These latest developments, startling as they may be for those who have tuned out of Brexit in recent times, have not come out of nowhere. In early June Boris Johnson was already talking about the WA as being “defective” and in need of revision (even earlier, in February, there were well-sourced rumours of plans to circumvent the NIP). That of course was the deal that he himself had signed and acclaimed less than six months before. So one part of what we’re seeing is the latest and perhaps strangest example of what I wrote about last week – the way that throughout the process the UK has been internally debating what Brexit means at the same time as actually enacting it. Thus although we’ve long known that fisheries would be a contested issue, it is only more recently that state aid emerged as another such issue. And although the arrangements for Northern Ireland had apparently been settled, the UK is now re-opening them.
There are two reasons for this. One is that Dominic Cummings’ latest obsession is an activist government policy of financial support for technology firms. This isn’t the place to discuss the merits or otherwise (£) of that policy – except to note that it is all of a piece with Cummings’ drearily cliched ‘disruptor’ world view, cribbed from 1990s airport lounge business books. Nor does it really matter that there’s no good reason to think that a robust UK state aid regime – indeed the EU state aid regime – would preclude such a policy (cynics might therefore wonder if the real problem is that such a regime would prevent the Johnson-Cummings government handing out public contracts to its cronies).
What does matter is the extraordinary democratic affront that the peccadilloes of this single unelected advisor should drive national strategy and, worse, that at this late stage it should be introduced as something that might actually scupper a trade deal, with all the economic damage that will cause, and, worse still, that it should lead to the WA itself being put in jeopardy.
The second reason is equally, if not more, shameful. As was clear to many at the time and is now undeniable, Johnson, his government, and his MPs voted for and signed the WA, including the NIP, either without understanding or without caring what it meant. This lack of understanding was not just to do with state aid, but also the border arrangements for Northern Ireland and (although not a feature of this week’s debacle) the Geographical Indications agreement.
There’s no justification for this in general, and certainly none as regards the implications of an Irish Sea border, since these were loudly flagged up by many, including the DUP, at the time. More than that, such a border had already been described by Theresa May in February 2018 as completely unacceptable (£), even though she had agreed to it at the end of the phase 1 negotiations in December 2017. It was this which led to May’s backstop agreement, which Johnson then ‘renegotiated’ to return to the sea border solution – and which he claimed as a great triumph, despite having promised categorically during the Tory leadership election that he would not agree to it. This convoluted and contradictory history is a matter of documented record, and it is simply a lie for the government and Brexiters now to deny it.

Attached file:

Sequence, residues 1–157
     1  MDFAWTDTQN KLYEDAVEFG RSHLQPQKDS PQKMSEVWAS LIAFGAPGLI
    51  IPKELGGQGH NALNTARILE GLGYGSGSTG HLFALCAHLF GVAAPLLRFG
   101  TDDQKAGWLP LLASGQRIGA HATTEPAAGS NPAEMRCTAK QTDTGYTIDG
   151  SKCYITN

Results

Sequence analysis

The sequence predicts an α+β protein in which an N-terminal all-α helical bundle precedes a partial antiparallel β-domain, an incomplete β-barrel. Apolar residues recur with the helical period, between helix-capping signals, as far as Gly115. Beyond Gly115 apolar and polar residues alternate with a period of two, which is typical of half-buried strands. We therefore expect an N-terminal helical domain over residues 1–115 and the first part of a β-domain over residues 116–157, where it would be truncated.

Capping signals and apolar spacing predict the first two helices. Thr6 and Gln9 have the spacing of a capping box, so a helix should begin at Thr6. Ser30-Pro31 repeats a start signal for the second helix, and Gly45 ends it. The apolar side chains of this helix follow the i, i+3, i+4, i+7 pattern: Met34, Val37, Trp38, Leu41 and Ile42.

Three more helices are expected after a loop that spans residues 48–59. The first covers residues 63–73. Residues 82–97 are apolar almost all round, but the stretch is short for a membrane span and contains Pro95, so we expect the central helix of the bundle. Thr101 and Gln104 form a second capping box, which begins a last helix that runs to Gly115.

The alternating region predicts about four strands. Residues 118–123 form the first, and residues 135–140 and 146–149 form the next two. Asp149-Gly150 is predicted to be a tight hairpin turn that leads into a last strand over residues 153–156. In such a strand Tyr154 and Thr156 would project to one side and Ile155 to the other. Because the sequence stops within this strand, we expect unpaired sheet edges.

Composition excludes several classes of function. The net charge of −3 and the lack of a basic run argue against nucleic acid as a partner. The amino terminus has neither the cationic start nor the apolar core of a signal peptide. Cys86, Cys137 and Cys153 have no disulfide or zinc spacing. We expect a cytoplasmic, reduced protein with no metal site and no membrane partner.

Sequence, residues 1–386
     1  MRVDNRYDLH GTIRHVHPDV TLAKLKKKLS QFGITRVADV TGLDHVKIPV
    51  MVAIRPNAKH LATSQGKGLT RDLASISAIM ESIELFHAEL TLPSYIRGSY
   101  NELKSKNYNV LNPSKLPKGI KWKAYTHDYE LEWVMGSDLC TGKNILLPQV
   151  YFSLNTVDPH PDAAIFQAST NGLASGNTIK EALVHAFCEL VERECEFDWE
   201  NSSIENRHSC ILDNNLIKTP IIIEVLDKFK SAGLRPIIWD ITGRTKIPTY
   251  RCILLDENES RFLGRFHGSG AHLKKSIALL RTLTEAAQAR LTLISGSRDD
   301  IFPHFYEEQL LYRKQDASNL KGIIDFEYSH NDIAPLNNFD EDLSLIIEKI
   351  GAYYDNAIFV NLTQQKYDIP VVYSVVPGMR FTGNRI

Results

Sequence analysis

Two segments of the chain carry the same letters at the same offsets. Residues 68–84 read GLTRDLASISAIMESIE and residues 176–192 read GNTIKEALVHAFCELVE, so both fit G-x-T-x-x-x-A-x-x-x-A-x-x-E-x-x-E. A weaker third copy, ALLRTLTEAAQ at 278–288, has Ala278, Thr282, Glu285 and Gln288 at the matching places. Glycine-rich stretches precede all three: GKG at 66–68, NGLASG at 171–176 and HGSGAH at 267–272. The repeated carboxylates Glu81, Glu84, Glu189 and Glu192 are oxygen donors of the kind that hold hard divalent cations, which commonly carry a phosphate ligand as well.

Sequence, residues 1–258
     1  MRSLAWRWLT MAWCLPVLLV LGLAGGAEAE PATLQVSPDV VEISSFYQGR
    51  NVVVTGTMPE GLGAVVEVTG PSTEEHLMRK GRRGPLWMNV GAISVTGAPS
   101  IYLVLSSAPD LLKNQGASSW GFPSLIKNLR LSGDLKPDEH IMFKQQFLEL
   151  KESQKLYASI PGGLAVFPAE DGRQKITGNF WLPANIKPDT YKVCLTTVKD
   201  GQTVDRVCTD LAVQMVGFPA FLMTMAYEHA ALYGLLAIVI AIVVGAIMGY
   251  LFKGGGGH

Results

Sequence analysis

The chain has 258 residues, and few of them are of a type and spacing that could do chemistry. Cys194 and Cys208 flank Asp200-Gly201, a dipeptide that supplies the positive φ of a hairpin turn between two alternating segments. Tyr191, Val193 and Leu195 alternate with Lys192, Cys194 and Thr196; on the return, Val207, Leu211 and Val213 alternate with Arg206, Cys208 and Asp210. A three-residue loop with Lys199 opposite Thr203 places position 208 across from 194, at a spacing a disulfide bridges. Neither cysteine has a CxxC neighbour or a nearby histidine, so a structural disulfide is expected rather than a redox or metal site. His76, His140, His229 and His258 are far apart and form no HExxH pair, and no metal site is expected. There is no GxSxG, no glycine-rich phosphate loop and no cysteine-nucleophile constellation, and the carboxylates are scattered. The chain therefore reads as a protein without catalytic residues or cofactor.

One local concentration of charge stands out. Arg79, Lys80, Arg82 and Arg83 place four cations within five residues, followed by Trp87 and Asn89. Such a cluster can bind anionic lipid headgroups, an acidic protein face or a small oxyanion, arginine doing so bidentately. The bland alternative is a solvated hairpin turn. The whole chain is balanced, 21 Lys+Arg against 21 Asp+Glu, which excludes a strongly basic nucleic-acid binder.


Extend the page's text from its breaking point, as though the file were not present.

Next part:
So what happened was not an accident, it was wilful, deliberate policy so as to enable Johnson to say that he had got Brexit sorted out and to put that to the electorate as an ‘oven ready deal’, and then – again at his choice - to rush it through parliament with next to no scrutiny, and with the support of every single Tory MP including every member of the ERG. In the process, he repeatedly denied that the Irish Sea border he had agreed to would have the effects that he later admitted it would and which he now wants to repudiate. He was simply too lazy, too dishonest, too impatient, too greedy, too ambitious, too selfish, and too irresponsible to care.
As for Cummings, it seems that he had already essentially lost interest in the details of Brexit (£), being instead fully occupied with both his technology wet dream and his punitive attack on the civil service. Such is the arrogance and irresponsibility of the ‘disruptor’. Having done so much to foist the Brexit disaster on us, he just ceased to care until belatedly realizing that the hitherto obscure (except, for different reasons, to Lexiters) issue of state aid might get in the way of the new toy he is playing with (that toy being what was formerly called the future of our country).
As for the MPs who voted it through, they were partly cowed by the bullying of the new Johnson-Cummings regime – which had dealt so ruthlessly with the 21 members of the ‘Gawkward squad’ in September 2019 – partly, again, too lazy and arrogant to care, and partly on the basis that whatever was agreed with the EU wasn’t really binding. Bernard Jenkin, the arch-Brexiter MP, said exactly that this week, claiming that he and others of his persuasion only voted for the WA because of assurances “that it would be superseded by a full FTA; and if needs be it could be repudiated”*.
There is no way to describe this other than grotesquely dishonest or, if there is, then the only other possibility is grotesquely stupid. How could anyone, with even the scantest knowledge, possibly have thought that this was the case? How could anyone have thought when campaigning in the election, as Jenkin and his colleagues did, to ‘get Brexit done’ with Johnson’s ‘great oven-ready deal’ that it was the case? They knew, or should have known, otherwise but went along with it for reasons of temporary expediency. Now, they are pretending that they never accepted what they had agreed to and are not bound by it.
Back to no deal 1.0?